When I’ve saturated myself too much, with certain elements of media, by zapping myself with electrons and oscillating waves, my skin becomes translucent, my mind reconfigures itself, and I forget who I am.
It doesn’t matter how I fall into this spiral. Maybe it has something to do with the dishes: cleaning them is a practical anchor of my routine, and when I neglect it, they become (dirty and inconvenient) a physical reminder of my lack of focus. At these times I am a cloth man filled with straw. The act of creating a direct sentence eludes me: orchestrating three or four, in rapid succession, is actually painful; when I have somehow managed to spin ten in a row, thanks to some Herculean effort of concentration, I am so drained that the rest of the composition peters out, and is abandoned.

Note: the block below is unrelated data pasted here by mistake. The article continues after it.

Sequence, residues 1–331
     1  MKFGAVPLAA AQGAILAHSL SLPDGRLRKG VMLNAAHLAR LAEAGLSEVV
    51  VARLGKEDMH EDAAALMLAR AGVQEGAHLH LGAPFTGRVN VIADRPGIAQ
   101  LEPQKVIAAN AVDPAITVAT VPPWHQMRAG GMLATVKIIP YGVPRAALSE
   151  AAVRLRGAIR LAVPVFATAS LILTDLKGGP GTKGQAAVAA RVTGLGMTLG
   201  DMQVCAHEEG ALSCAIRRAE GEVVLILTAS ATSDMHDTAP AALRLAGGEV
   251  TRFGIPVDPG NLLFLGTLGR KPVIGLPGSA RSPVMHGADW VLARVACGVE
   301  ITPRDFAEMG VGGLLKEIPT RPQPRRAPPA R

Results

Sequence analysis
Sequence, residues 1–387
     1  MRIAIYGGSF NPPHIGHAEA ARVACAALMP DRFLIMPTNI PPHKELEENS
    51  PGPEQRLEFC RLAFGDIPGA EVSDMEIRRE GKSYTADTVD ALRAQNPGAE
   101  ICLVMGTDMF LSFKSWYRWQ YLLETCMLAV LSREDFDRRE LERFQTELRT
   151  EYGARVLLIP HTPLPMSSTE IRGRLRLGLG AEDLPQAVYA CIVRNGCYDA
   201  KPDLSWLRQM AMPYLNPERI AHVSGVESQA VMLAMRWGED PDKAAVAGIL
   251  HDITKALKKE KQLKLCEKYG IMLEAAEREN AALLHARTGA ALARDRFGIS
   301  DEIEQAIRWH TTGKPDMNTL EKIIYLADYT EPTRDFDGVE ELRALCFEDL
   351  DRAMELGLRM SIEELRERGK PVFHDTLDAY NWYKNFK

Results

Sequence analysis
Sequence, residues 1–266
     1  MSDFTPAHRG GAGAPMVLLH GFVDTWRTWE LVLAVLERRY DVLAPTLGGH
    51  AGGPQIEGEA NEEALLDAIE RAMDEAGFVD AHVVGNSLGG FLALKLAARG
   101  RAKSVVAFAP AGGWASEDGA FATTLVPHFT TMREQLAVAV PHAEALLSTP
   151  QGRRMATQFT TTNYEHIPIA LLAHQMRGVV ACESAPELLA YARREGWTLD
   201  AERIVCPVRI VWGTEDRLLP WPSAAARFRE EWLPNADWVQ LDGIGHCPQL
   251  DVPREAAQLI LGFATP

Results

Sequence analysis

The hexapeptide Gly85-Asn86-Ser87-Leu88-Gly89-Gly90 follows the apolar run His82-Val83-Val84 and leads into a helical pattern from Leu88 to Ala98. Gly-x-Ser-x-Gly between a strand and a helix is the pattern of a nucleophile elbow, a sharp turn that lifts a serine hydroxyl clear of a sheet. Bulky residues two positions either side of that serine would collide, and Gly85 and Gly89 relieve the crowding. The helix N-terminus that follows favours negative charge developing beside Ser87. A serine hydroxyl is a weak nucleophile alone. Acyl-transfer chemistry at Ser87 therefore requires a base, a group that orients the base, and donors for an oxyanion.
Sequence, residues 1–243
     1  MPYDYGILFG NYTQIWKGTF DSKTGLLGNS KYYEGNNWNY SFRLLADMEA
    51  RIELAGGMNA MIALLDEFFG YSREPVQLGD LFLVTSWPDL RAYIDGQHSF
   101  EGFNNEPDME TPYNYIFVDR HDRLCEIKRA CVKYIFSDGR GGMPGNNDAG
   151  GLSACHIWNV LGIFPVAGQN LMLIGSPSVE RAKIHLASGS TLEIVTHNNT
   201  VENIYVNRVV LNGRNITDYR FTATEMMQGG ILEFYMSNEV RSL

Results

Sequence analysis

So confused, I return to the pantheon. My pantheon is a collection of supernatural beings, and collectively, though known by their acts–ignoble and noble–they have no mythical powers save for the power of judgement. They are acquaintances and abstract concepts, and many become members of the pantheon thanks only to some trivial and fleeting encounter… An ill word offered up, completely at random, by a stranger on the street, may enter him into the pantheon. For days–maybe weeks, if my condition persists–I will wonder at these words and compare this or that action of mine with them as if, with every action after the event, I am vindicating or vilifying myself. By now Lisa must be used it: in this state of mind I frequently interrupt our conversations to spout context-less nonsense reassuring myself that I was in the right, and he, or she (or it) was in the wrong. Or vice-versa, though it’s more likely I keep that to myself.